Complaint Says Aon's Steering Froze Out AIG
By Michael Ha
National Underwriter News
March 4, 2005
Aon brokerage worked with Chubb Insurance to freeze American International Group out of the high-end personal lines marketplace, according to papers filed today by New York Attorney General Eliot Spitzer.
The charge was contained in a civil action in New York County State Supreme Court against Aon that was filed simultaneously with Mr. Spitzer's announcement that an agreement had been reached to settle the lawsuit's charges.
Aon agreed to pay injured customers $190 million to settle allegations that the brokerage engaged in fraud and anti-competitive practices including steering clients to insurers who paid hidden fees for the business and sending business to insurers who agreed to buy Aon reinsurance.
Aon, according to the civil complaint, was steering business away from AIG even when the insurer was offering more competitive bids for Aon client business.
According to the court papers, Aon "actively worked to protect the market share" of two favored insurers that paid the highest contingent commissions—The Chubb Corporation and Fireman's Fund Insurance Company. But when AIG entered the high-end personal lines market in 2000, Chubb saw it as a threat to its market share and told Aon that "its relationship with Aon would be damaged if Aon established a significant partnership with AIG."
The complaint suggests that Aon took Chubb's comments seriously. It cites Chubb's internal memorandum dated Aug. 30, 2000 that said "Aon agreed wholeheartedly that Aon should be very wary of AIG's involvement in the high-end personal-lines business and they would work hard to make sure that the local offices would not entertain AIG approaches."
Mr. Spitzer also alleged that in 2001, Aon reorganized its personal-lines business and consolidated its high-net-worth clients with Chubb and Fireman's Fund. At the time, Aon also tried to enter into a contingent commission agreement with AIG but was rebuffed by the insurer.
In response, the complaint said, Aon's director of syndication for personal-lines business, Bruce Macbeth, had stated in his business plan that "I would consider [AIG] a minor strategic partner" and that AIG "would only have the ability to consolidate these clients after Chubb and Fireman's Fund had their opportunity."
"We do need to develop a relationship with AIG's Private Client Group, but within very limited guidelines," Mr. Macbeth's business plan stated, according to the complaint.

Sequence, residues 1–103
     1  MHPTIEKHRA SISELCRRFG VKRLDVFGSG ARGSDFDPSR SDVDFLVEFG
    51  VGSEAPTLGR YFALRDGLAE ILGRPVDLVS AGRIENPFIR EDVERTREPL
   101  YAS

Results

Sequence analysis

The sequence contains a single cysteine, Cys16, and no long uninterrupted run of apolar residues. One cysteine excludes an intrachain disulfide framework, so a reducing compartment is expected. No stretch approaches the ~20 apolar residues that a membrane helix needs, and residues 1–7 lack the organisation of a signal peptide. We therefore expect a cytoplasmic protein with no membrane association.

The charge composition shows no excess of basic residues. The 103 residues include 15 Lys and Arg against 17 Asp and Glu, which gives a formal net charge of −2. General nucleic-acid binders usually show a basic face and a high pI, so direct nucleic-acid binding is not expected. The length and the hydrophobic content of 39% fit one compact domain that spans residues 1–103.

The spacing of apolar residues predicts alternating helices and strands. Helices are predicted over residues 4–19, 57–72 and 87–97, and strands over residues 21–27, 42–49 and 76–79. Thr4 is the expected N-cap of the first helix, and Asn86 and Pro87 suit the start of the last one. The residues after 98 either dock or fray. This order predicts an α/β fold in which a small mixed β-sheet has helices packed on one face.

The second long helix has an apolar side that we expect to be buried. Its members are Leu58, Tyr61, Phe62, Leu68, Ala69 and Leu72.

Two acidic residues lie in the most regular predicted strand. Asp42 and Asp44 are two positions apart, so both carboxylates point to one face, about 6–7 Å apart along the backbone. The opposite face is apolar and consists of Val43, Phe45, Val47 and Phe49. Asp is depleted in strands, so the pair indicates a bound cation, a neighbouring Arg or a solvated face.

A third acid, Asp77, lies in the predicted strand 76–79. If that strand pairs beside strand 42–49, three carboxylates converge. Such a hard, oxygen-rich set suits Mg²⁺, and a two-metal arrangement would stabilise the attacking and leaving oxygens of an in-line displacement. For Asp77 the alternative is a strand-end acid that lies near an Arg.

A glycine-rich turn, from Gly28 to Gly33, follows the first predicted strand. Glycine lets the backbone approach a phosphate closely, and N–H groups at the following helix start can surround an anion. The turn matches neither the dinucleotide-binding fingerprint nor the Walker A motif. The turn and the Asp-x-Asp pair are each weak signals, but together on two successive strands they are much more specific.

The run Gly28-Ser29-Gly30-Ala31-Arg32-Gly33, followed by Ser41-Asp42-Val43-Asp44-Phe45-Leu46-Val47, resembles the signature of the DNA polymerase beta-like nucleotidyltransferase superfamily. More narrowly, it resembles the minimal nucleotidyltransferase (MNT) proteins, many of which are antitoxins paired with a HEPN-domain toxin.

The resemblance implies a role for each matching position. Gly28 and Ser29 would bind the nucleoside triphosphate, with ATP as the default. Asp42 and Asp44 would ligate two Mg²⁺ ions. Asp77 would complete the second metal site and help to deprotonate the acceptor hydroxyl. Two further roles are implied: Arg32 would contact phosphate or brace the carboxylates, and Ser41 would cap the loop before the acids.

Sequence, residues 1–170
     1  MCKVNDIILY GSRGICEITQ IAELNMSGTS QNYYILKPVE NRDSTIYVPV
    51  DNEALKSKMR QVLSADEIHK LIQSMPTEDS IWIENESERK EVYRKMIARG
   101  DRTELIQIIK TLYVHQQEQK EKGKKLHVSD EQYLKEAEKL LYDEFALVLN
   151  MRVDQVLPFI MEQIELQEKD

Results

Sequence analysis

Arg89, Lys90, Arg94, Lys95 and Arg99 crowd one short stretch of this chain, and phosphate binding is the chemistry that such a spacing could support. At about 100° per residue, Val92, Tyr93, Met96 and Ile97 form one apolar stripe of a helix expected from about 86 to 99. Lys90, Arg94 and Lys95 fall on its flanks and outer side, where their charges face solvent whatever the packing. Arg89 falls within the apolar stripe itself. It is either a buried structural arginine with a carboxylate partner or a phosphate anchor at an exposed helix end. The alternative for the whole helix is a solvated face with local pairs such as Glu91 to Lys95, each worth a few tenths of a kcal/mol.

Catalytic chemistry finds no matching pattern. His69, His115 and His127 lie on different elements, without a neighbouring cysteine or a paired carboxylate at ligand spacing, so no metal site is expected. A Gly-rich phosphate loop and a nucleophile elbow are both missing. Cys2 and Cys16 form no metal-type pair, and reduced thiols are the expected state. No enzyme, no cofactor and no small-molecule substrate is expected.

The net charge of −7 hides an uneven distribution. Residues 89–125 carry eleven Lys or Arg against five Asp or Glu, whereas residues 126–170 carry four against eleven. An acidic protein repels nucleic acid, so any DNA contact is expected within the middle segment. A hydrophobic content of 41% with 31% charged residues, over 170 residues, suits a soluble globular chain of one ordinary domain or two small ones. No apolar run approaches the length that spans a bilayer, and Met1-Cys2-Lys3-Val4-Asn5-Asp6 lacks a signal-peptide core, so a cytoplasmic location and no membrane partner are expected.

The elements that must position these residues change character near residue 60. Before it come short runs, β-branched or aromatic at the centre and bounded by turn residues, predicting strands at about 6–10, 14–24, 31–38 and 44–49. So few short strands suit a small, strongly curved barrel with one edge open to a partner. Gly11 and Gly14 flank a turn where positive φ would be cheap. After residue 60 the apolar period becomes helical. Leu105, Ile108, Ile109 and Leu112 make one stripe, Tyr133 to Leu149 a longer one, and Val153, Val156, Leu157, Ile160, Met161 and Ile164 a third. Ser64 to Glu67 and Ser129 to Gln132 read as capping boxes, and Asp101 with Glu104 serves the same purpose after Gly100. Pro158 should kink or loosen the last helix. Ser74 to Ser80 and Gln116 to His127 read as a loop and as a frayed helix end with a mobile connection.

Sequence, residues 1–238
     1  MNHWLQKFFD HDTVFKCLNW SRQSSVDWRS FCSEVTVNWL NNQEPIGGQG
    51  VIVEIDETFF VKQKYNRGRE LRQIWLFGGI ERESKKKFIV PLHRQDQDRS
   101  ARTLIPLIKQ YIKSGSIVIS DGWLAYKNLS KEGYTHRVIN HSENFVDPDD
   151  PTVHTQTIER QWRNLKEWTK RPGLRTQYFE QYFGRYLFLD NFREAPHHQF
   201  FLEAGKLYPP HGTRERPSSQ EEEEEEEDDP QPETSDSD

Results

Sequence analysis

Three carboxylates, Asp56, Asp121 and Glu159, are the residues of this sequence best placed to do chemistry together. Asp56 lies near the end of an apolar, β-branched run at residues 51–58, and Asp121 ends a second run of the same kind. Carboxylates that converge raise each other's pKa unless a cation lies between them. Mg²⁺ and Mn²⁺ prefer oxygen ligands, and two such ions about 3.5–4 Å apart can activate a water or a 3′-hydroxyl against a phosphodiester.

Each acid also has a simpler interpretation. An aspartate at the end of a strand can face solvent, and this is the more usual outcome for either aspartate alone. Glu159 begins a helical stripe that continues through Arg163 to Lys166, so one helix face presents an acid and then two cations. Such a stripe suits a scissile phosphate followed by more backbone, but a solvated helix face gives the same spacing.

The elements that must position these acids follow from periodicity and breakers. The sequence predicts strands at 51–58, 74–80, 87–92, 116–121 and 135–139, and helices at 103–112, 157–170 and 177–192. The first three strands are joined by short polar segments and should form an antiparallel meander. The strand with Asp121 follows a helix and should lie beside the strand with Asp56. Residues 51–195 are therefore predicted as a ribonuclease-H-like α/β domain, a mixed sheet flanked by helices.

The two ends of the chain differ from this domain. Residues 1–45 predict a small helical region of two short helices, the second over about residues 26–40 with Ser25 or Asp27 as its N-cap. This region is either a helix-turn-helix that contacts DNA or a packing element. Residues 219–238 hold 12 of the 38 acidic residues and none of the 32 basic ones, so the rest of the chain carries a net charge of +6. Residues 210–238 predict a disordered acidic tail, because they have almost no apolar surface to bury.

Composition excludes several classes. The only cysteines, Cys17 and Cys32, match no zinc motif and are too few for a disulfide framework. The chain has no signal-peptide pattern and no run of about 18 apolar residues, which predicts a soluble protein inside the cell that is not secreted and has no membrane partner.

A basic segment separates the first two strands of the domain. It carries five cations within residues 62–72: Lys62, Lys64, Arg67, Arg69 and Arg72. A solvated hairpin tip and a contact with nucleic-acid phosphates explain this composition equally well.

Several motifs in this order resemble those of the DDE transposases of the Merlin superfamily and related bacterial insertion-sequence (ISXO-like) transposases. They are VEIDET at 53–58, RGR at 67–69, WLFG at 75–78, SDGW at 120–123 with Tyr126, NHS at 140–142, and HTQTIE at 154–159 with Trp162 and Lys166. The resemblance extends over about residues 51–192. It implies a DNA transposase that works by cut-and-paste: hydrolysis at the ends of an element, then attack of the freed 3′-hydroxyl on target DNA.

The document said Mr. Macbeth also discouraged the practice of requesting bids from AIG while emphasizing the need to meet the Chubb contingent commission goals.
"We need to emphasize that AIG should only be used if there is an underwriting issue with Chubb, which we can address," Mr. Macbeth said in an e-mail cited in court documents. "If we approach AIG on all submissions, the reason for carrier chosen will always be rate and it will slow submission process."
"If we submit all risks to [AIG], they will write a majority of them because of their rate flexibility," Mr. Macbeth allegedly said.
In one conference call with Aon executives, Mr. Macbeth is also alleged to have said around that time that considering Aon's override agreements with Chubb and Fireman's Fund, "we need to direct all new business exclusively to them for the next month and beyond. Chubb should be the first choice for any risk, with Fireman's Fund a second thought."
The complaint alleges that Aon's contingent commission agreements with Chubb had a clear effect on the broker's placement efforts.
The court documents show that on Nov. 13, 2001, the former managing director of Aon personal-lines unit, Carter Brydon, told his staff in an e-mail: "We need to get $3,000,000 in written premium with Chubb by year's end--a daunting task, no doubt--but it means $500,000."
The e-mail went on to instruct that "[W]hen we get a good AIG quote, we should share it with Chubb and [Fireman's] Fund as a last look. They are paying us to be in this position; we need to force them to act." The e-mail also said that by doing business with AIG, "we may be leaving a substantial sum of money on the table."
The court papers also show that in addition to getting contingent commissions, Aon had entered into "producer funding agreements" with select insurers around 1999, asking insurers to directly pay for the hiring of Aon personal-lines brokers.
The complaint alleges that these individuals held themselves out as Aon employees without disclosing that insurers were paying their salaries as part of an Aon commitment to steer business to those specific insurers. In 1999, 2000 and 2001, the complaint says, Chubb funded 50 percent of salary and benefits for certain Aon personal-lines brokers for selling Chubb insurance.